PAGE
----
WERE the complaints of Woodside Farms’ Charlie Gallichan about the difficulties in sourcing foreign agricultural labour, as reported in Saturday 13 January’s JEP, perhaps somewhat selective?
‘Brexit, which has caused a ten per cent drop in the value of the pound,’ he was reported as saying. Yet majority opinion among economic and financial analysts in late 2015 and early 2016, even before the referendum date had been announced, was that sterling was over-valued generally, and particularly against the euro, so needed to fall. It was surely foreseeable.
Indeed, sterling’s fall in value against the euro between late November 2015 and mid June 2016 – the pre-referendum period when a Remain win was confidently assumed – was almost exactly the same ten per cent as that which Mr Gallichan complains about after the Leave vote. Whether, as a prudent businessman he took steps to hedge a known sterling-euro exchange rate exposure, and if not, why not, therefore becomes a legitimate question.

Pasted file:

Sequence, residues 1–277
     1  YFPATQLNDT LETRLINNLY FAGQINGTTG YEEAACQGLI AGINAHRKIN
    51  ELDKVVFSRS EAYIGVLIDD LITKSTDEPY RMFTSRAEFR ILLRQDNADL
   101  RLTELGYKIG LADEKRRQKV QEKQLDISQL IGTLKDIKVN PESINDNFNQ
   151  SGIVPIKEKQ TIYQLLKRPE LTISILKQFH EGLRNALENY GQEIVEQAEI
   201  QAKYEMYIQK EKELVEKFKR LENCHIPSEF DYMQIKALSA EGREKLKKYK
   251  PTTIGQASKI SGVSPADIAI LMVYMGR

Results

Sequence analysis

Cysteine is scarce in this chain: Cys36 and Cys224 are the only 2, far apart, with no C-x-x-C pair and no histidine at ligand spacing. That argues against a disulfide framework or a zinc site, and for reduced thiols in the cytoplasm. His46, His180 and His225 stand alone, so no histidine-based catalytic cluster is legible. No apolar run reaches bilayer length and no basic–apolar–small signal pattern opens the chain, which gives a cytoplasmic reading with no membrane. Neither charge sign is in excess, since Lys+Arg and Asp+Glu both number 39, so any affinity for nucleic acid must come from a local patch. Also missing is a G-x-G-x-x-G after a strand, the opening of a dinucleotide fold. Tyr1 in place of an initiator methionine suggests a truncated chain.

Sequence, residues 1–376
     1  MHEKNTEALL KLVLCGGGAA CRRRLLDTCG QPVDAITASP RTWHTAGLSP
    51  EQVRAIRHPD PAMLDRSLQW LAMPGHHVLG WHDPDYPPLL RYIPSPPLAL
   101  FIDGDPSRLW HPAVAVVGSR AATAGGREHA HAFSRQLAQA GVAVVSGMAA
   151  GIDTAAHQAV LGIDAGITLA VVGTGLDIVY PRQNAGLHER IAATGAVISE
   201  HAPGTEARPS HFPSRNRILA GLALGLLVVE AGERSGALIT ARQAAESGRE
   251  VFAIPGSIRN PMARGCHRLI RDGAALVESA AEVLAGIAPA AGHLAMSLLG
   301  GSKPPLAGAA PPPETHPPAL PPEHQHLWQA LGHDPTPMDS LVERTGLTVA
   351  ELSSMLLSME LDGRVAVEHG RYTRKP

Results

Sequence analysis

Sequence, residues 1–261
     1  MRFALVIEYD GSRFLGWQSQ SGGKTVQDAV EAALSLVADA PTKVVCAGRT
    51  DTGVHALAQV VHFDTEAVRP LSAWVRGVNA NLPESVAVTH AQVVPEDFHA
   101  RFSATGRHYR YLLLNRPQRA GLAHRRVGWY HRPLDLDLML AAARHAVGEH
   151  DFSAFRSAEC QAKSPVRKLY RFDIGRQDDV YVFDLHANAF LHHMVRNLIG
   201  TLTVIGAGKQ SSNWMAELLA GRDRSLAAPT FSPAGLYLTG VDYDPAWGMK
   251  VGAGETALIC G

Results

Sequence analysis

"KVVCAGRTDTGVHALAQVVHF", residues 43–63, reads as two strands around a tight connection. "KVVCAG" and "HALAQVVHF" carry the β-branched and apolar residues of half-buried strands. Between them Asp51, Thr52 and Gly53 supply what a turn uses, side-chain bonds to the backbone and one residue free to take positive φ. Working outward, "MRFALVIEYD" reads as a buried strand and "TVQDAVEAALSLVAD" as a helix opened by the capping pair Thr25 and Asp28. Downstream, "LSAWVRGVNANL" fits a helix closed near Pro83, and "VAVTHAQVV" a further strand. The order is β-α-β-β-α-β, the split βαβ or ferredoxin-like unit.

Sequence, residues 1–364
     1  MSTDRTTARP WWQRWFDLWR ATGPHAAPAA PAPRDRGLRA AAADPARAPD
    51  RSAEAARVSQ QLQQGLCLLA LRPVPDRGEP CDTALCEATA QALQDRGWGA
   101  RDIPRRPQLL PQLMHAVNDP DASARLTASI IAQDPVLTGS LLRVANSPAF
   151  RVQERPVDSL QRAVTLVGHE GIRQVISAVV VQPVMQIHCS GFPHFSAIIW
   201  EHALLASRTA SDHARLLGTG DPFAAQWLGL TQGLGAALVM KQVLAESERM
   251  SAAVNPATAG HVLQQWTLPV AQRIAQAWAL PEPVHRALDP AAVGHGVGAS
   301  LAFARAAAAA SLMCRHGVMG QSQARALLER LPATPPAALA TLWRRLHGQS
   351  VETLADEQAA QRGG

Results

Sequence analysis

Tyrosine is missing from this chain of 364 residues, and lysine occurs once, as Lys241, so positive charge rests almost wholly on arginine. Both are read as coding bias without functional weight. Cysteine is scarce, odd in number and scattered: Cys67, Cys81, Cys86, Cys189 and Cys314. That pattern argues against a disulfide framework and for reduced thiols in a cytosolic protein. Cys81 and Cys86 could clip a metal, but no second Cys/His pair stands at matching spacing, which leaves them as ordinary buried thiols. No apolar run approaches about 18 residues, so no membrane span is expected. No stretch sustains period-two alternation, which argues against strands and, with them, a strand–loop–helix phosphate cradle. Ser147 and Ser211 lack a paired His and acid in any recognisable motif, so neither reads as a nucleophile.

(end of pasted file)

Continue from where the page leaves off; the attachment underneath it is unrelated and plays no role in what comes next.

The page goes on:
If Polish workers prefer to go to Germany because ‘the wages are higher,’ that doesn’t sound like a ‘shrinking jobs market’ but one where competition for labour is pushing up its price. Yet Mr Gallichan makes no mention of having tried to retain workers by offering higher pay in order to compete.
All of which prompts wider questions about the medium- to long-term viability of the specific business model on which the Island’s agricultural sector currently appears to be based. From the lay perspective, the legislative framework seems designed to promote a concentration in land ownership, which forms a barrier to new, innovative ideas and entrants, and monocrop production.
Yet the model, apparently dependent on cheap imported labour and relatively low productivity, also generates significant externalities, in the form of lack of diversity and crop rotation, extensive use of herbicides and nitrates which leach into the water catchment, and the visual assault of fields shrouded in plastic, that have an impact upon the entire Island.
Is it time to consider whether the combination of subsidy and externalities exceeds the sector’s income and tax yield, in effect creating a negative contribution to GVA (Gross Value Added)?